February 2022 Iran Tanker Tracking

On February 2, the International Group of P&I Clubs (IGP&I) – whose members provide maritime liability cover for approximately 90% of the global ocean-going tonnage – issued a joint circular describing recent deceptive shipping practices. Noting a rise in international and national trade sanctions violations, and specifically citing a dramatic rise in illicit Iranian oil exports, IGP&I described old and new techniques in: automatic identification system (AIS) manipulation; identity tampering; document falsifying, and; ship-to-ship (STS) cargo transferring.

All four main techniques are being used in the conveyance of oil from Iran to China, which continues to ignore all sanctions:


February 2022 - Barrels Per Day (bpd)

January 2022 - Barrels Per Day (bpd) 

December 2021 - Barrels Per Day (bpd)





























View Iran Tanker Tracking


UANI has been stressing these deceptive shipping practices to IGP&I members and the wider global shipping community for ten years. This month UANI identified a vessel with ultimate U.S. ownership engaging in multiple deceptive tactics in a bid to transport Iranian crude.

Throughout January and February, UANI tracked the vessel SUEZ RAJAN (IMO: 9524475), a vessel owned by Fleetscape, a subsidiary of Los Angeles-based Oaktree Capital Management.  SUEZ RAJAN was engaged in an STS transfer of Iranian oil with the crude oil tanker VIRGO (IMO 9236250).

Both vessels used several deceptive shipping practices in a bid to hide the origin of the oil.

First, on January 17, the tanker VIRGO loaded crude oil from Kharg Island, Iran, the seventh such instance since February 2021. UANI’s 2021 Year Review noted that VIRGO exported just under 10 million barrels of Iranian oil during the past year, making it a top-five worst offender in terms of foreign-flagged vessels carrying Iranian oil in 2021.

Clearly, as part of SUEZ RAJAN’s due diligence, the publicly available ties identified between VIRGO and Iran should have been considered by parties associated with the vessel prior to SUEZ RAJAN’s engagement in an STS transfer with VIRGO.  Indeed, this information is available for public view on the UANI website.


VIRGO loading crude oil at Kharg Island, Iran on January 17, 2022 (Source: Sentinel Hub)

When VIRGO was loading crude oil at Kharg Island, Iran, the vessel manipulated its AIS transponder from Iraqi waters.  This is a tactic UANI has repeatedly pointed out and is mentioned in the IGP&I circular. IGP&I writes, “Some sanctions breakers now falsify the position a vessel broadcasts via its AIS, to disguise the true location of the vessel…More sophisticated examples can produce very realistic signals and can only be identified through comparison with additional independent data such as satellite imagery, physical sighting of the vessel, or synthetic aperture radar (SAR) tracks.”

On January 31, 2022, VIRGO arrived in waters east of Singapore, where it anchored until engaging in an STS with SUEZ RAJAN beginning on February 12, 2022, at 1.87878° N, 104.7145° E, the exact location that the SUEZ RAJAN vessel was transmitting.


VIRGO engaged in an STS with SUEZ RAJAN on February 12, 2022 (Source: Sentinel Hub)

 On February 13, 2022, UANI identified SUEZ RAJAN and VIRGO still engaged in a STS transfer, but now at 1.94882° N, 104.71885° E, just north of where the STS occurred on February 12, 2022. According to MarineTraffic.com, SUEZ RAJAN was still anchored at 1.87878° N, 104.7145° E, about 3,445m away from where the STS was now taking place. However, satellite imagery shows no vessel at that location on the 13, illustrating that SUEZ RAJAN was manipulating its AIS transponder.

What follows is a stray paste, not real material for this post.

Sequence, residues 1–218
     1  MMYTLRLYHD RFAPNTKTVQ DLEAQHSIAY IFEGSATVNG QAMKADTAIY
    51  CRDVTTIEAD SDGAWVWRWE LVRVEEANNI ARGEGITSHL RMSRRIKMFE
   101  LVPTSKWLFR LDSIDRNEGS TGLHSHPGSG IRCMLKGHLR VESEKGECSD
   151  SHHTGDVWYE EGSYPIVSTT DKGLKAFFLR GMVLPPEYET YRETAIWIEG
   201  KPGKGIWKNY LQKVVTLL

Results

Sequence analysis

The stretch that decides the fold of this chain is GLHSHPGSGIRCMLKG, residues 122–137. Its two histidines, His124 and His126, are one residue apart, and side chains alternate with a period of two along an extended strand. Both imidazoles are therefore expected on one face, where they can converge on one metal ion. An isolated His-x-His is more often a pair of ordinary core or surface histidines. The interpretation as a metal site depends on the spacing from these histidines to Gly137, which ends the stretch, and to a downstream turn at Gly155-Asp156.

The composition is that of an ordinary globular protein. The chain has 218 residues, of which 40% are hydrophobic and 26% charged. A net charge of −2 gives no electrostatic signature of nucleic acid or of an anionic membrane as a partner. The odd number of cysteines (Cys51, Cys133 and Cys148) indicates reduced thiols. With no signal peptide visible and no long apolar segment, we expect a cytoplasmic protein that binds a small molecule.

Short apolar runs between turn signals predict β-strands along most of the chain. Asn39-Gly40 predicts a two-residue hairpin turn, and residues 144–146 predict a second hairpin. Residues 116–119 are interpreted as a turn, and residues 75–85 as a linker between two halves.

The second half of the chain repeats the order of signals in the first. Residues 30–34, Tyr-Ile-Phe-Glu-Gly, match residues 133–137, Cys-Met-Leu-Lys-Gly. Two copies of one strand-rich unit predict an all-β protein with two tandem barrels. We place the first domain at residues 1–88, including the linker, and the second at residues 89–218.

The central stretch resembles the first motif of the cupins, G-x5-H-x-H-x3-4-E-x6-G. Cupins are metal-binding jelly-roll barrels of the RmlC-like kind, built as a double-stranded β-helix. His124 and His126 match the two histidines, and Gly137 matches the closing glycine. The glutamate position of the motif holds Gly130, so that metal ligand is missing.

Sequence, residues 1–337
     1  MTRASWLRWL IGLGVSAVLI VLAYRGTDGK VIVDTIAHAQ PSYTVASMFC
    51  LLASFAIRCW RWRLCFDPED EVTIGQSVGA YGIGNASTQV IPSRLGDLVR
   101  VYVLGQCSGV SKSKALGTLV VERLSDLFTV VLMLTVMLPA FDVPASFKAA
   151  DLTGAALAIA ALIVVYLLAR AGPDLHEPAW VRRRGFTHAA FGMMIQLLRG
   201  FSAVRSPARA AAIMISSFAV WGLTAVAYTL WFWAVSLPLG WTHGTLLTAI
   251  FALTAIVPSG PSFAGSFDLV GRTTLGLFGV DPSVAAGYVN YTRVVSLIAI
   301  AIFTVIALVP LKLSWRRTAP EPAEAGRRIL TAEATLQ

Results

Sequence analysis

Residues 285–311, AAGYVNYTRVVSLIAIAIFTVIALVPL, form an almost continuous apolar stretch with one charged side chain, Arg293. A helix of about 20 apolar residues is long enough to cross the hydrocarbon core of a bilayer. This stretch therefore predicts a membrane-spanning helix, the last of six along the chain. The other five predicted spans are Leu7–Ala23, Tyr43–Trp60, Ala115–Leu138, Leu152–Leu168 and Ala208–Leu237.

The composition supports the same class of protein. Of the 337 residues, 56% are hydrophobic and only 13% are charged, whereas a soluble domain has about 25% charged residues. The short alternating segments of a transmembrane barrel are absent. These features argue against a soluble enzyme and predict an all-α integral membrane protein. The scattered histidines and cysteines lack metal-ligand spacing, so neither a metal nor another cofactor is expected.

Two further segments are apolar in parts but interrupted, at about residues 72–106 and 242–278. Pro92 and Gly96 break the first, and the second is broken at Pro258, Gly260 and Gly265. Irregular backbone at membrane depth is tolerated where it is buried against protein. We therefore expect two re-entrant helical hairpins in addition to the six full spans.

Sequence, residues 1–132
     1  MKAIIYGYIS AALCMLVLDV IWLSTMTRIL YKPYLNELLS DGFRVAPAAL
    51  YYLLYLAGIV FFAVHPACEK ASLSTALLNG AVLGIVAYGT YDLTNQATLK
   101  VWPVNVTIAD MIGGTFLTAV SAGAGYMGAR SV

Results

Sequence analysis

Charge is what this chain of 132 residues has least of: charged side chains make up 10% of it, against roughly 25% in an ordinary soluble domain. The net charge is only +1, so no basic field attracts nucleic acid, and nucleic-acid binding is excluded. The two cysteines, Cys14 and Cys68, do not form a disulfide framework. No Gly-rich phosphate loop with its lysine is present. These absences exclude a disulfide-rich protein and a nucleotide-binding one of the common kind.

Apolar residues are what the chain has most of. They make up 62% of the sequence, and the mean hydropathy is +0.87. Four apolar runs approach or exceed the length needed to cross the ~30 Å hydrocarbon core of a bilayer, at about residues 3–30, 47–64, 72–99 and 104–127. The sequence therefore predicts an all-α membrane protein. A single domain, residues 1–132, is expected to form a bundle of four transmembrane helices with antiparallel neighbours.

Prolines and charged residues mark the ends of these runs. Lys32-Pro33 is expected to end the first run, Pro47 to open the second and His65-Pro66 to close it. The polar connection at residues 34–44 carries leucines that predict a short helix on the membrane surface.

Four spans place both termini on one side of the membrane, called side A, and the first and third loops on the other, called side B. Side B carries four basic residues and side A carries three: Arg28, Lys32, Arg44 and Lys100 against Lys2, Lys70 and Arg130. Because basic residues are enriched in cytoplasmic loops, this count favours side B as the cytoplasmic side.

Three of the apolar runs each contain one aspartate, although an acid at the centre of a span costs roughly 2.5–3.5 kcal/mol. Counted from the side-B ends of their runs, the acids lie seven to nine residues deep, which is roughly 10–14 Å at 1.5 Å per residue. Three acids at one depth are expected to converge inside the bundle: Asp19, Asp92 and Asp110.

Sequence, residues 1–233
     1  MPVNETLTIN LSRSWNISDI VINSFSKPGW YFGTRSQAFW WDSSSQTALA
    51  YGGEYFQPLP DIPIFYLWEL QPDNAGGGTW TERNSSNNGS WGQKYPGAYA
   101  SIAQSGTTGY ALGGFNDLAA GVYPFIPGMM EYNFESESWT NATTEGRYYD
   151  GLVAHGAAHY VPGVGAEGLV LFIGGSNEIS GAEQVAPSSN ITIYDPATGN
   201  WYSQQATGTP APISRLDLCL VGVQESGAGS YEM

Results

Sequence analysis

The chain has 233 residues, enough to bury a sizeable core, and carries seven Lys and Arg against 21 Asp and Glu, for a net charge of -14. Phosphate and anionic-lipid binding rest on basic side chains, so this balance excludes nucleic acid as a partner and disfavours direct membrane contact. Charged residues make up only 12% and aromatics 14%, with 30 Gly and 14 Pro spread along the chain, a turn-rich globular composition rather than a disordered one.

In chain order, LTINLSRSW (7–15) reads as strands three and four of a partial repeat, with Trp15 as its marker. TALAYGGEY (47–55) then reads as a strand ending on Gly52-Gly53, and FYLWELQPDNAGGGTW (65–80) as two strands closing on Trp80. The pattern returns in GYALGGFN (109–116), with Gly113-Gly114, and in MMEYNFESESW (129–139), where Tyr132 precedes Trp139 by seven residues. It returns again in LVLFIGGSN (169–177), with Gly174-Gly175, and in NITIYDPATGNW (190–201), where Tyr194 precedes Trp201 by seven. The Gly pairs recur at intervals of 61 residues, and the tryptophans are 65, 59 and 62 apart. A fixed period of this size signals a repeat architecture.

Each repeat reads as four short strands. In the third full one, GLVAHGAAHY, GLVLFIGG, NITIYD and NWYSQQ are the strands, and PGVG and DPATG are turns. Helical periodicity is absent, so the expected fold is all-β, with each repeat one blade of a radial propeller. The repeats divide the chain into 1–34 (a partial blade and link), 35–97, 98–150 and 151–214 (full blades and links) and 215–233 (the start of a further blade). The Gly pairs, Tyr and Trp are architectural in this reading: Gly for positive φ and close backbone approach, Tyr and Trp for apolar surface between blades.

Prior to engaging in the STS transfer with VIRGO, SUEZ RAJAN claims to have engaged in a STS transfer with the floating storage/production vessel CS BRILLIANCE (IMO: 9153513), a vessel that is also suspected of storing Iranian gas and crude oil, involved on February 5-6, 2022, for approximately 14 hours, an amount of time that is not long enough for a significant transfer of oil. Following this reported STS, SUEZ RAJAN updated its draft to indicate it was fully laden, however, it was not. SUEZ RAJAN then proceeded to anchor in waters east of Singapore until it engaged in the STS with VIRGO on the 12th.


Identification of SUEZ RAJAN engaged in a STS transfer with CS BRILLIANCE on February 5, 2022 (Source: IHS Maritime)

But why would SUEZ RAJAN engage in an STS with VIRGO if it had already loaded oil from CS BRILLIANCE? This is an example of another deceptive practice that we see vessels repeatedly using to mask the origin of sanctioned cargo. During the STS with CS BRILLIANCE, the AIS transponders for both vessels were turned on. However, during the STS with VIRGO, the AIS transponders were turned off. As a result, the vessel can claim that the oil originated from CS BRILLIANCE, not VIRGO.

UANI provided Oaktree with information on the suspected STS transfer on February 15, 2022. The following day, the Associated Press reported on the STS. The AP confirmed, “Satellite images and maritime tracking data analyzed by the Associated Press correspond to the group [UANI]’s identification of the vessel allegedly involved and show them side-by-side off the coast of Singapore on Saturday.”

IGP&I correctly notes, “Being publicly linked with a sanction breaking activity by the press or some other public communication can be extremely damaging.” The above case involving  SUEZ RAJAN and VIRGO shows how multiple techniques can be used to minimize surveillance and detection through confusion or concealment of vessel’s identities, cargo, geographical location, and navigational activities, all in an attempt to transport sanctioned cargo. Such concealment poses risks for all players in the maritime industry. UANI will continue to highlight and publicize these deceptive practices, so the industry can work to enhance due diligence protocols.